Deforestation in the Brazilian Amazon reached 9.762 km2 in 2012, according to new data released on Monday by the National Institute for Space Research, Inpe. The figure represents the highest yearly rate since 2008, and it also marks the third highest increase in recorded history (29.5%), only behind 1995 (95%) and 1998 (31%).
The yearly rate is an estimate from the Prodes satellite monitoring system, which informs the official deforestation rate (measured in the 12 months from August to July). In May 2020, it will be updated with more satellite images to give the final rate – which could be even higher. It confirms the soaring trend seen earlier this year by real-time remote sensing system Deter, by the same agency. The spike in Deter data in June has prompted President Jair Bolsonaro to call the numbers “a lie” and fire Inpe’s director Ricardo Galvão.
The number released today is a direct consequence of Bolsonaro’s “chainsaw” strategy, which consists in dismantling enforcement agencies, shelving deforestation control plans and empowering, through his speeches, environmental criminals. The president himself has proudly declared that he had commanded his Environment minister Ricardo Salles to “raze” Ibama, the federal environmental agency. Salles has duly obeyed.
Unlike previous years of an increase in deforestation, this time around the government hasn’t announced any credible plan to revert the situation. Salles said he would meet with Amazonian governors on Wednesday and present some measures then.
In 1995, President Fernando Henrique Cardoso issued an executive order reducing limits for legal deforestation. In 2003, Luiz Inácio Lula da Silva created the Plan for Deforestation Prevention and Control in Amazonia (PPCDAm); in 2008, public agricultural credit was cut to municipalities with high deforestation rates.
The 2020 preliminary data point to a continued high in forest destruction. Between August and the first week of November, the real-time monitoring system Deter registered 3,929 km2 of deforestation alerts, which amounts to 57 percent of all that was clear-cut in 12 months between August 2018 and July 2019.
Since the measured alerts area is always smaller than the Prodes official figure, it is already possible to say that Brazil will miss its national climate law target of reducing deforestation to 3,925 km2 by 2020 – even if deforestation magically ended today.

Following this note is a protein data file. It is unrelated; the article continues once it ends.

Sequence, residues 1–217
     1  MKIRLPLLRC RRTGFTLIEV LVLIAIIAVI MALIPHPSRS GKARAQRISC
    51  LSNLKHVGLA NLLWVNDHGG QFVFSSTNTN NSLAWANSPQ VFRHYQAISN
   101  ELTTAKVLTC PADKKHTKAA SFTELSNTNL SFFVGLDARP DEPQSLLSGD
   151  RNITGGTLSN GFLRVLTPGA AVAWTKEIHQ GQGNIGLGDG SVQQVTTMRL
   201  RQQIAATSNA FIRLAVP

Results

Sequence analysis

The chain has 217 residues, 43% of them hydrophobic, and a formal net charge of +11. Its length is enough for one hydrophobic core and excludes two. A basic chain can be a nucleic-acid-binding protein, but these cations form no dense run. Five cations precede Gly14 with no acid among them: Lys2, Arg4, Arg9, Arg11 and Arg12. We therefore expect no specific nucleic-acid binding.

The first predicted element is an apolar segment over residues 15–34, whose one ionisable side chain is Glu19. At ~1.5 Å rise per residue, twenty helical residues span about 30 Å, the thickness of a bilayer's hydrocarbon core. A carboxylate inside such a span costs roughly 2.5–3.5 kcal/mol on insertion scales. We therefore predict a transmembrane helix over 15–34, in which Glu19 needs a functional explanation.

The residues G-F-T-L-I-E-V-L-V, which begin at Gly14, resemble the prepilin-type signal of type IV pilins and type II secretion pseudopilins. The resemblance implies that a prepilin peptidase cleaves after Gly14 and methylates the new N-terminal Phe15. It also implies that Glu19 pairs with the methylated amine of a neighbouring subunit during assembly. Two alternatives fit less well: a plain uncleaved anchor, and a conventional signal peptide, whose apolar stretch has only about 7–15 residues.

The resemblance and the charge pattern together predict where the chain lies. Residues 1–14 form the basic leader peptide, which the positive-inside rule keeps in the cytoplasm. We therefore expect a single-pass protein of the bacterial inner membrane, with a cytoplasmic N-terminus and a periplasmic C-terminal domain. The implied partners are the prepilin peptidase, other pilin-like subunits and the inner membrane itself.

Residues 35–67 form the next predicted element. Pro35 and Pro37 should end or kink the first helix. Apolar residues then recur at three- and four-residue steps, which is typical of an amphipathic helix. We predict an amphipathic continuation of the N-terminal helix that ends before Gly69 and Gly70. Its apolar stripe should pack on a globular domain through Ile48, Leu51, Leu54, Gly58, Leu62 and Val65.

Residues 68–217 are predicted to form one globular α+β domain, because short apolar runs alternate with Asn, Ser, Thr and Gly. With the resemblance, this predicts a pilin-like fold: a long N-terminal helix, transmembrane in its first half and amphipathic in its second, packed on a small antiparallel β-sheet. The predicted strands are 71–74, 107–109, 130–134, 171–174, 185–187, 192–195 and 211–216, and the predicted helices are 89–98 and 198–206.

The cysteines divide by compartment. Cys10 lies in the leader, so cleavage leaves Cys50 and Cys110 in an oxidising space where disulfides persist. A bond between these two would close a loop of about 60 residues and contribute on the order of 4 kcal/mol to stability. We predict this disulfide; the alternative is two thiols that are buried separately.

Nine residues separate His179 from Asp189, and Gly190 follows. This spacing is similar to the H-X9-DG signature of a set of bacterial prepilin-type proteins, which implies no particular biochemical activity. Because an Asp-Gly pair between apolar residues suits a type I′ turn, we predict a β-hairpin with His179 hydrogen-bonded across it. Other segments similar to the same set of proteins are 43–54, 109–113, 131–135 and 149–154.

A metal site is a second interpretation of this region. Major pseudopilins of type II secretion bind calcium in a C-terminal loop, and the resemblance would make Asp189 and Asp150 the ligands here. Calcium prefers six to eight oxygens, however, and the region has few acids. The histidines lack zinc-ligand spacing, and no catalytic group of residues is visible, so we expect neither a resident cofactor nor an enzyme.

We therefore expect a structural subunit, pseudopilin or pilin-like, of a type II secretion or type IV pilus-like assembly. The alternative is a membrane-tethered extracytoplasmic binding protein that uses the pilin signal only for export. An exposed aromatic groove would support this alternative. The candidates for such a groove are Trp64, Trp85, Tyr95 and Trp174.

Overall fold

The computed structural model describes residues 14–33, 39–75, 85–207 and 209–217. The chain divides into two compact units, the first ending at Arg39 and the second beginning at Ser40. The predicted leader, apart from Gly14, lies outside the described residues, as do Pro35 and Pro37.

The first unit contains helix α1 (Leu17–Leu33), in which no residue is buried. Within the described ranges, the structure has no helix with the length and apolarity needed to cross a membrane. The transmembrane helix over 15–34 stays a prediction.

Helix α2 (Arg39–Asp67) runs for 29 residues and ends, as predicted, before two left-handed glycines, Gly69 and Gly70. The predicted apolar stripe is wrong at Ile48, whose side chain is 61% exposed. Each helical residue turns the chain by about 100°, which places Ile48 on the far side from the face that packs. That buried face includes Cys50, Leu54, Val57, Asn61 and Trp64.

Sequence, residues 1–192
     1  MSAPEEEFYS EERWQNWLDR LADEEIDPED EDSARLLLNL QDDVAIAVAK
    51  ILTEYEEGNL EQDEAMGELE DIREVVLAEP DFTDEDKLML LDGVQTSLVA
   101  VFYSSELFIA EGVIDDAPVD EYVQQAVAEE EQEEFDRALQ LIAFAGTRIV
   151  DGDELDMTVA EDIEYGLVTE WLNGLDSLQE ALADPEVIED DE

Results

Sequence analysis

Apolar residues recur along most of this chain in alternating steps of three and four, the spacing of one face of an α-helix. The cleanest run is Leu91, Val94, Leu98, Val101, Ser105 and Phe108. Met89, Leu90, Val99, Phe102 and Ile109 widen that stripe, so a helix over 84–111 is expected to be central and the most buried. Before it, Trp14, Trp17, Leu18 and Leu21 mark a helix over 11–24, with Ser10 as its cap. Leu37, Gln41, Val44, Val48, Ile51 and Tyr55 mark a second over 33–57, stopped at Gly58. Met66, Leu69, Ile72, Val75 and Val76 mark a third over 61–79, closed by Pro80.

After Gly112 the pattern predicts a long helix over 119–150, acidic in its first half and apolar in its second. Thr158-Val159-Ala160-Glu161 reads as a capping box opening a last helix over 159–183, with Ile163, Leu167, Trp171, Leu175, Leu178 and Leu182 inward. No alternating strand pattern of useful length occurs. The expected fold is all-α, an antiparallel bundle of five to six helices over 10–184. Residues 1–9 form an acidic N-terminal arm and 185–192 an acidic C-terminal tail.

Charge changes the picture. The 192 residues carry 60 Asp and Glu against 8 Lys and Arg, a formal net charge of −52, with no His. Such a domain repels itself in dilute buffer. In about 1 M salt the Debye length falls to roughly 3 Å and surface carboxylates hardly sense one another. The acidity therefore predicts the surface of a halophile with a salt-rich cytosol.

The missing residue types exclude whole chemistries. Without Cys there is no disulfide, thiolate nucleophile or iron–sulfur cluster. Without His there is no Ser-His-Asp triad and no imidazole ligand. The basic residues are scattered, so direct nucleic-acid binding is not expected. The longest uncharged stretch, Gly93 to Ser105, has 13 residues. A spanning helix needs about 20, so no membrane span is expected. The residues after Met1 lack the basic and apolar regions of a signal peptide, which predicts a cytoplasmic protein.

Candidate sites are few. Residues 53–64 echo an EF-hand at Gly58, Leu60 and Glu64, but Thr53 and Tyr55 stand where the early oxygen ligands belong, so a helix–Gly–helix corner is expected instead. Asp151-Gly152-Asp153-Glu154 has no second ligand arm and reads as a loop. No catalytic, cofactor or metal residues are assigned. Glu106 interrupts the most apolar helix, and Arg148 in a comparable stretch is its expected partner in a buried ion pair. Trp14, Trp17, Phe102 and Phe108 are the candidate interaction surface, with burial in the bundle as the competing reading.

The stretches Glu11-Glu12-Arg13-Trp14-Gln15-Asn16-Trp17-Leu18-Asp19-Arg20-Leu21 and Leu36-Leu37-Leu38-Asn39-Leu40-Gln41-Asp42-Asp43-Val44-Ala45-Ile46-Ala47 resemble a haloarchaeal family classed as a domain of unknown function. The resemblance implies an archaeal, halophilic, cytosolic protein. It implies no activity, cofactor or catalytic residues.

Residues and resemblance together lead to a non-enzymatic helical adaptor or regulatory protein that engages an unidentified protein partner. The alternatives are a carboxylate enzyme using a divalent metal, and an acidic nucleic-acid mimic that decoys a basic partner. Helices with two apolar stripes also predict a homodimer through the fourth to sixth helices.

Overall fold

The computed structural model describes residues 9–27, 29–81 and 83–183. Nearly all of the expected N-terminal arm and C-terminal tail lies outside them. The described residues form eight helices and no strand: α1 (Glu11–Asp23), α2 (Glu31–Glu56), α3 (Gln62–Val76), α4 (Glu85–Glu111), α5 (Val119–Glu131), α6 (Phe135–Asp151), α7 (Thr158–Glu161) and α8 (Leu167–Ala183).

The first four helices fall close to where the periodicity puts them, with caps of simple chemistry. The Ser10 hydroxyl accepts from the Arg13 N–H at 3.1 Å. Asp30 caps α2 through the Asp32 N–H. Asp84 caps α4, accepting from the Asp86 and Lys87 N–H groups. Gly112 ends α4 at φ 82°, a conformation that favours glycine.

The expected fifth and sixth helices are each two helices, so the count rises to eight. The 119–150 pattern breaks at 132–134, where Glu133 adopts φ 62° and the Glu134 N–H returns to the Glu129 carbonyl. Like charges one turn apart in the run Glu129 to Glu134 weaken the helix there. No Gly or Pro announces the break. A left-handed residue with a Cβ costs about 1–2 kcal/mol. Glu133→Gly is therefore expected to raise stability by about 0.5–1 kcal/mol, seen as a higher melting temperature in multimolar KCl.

“Today’s Inpe data are the most important indicator of the impact of the Bolsonaro/Salles administration upon the environment in Brazil: a huge disaster”, said Carlos Rittl, executive secretary of the Climate Observatory. “One wonders until when Brazil’s trade partners will keep on trusting its promises of sustainability and commitment to the Paris Agreement while forests are felled, indigenous leaders are murdered and environmental regulations are shred.”
“The Bolsonaro government is to blame for every inch of forest that is destroyed. This government today is the Amazon’s worst enemy”, said Marcio Astrini, from Greenpeace Brazil.
“This is hardly surprising considering that the President has supported environmental illegality and promoted impunity since the campaign trail”, said Adriana Ramos, from Instituto Socioambiental. “The government is also to blame for having frozen the only instrument so far for funding deforestation reduction, the Amazon Fund.”
Ane Alencar, Science director at Ipam (the Amazon Environmental Research Institute), said the figure reflects poor environmental inspection efforts. “Forty percent of deforestation this year happened in undesignated areas and in land with no tenure information, which the government has the obligation to protect.”
“The Prodes data show that deforestation is out of control. And, which is worse, 90 percent of it is illegal”, said Tasso Azevedo, from the Climate Observatory and MapBiomas. “This is as serious as losing control over inflation rates, and it is unjustifiable, since the country has the both the knowledge and the tools to fight destruction – but the government refuses to use them.”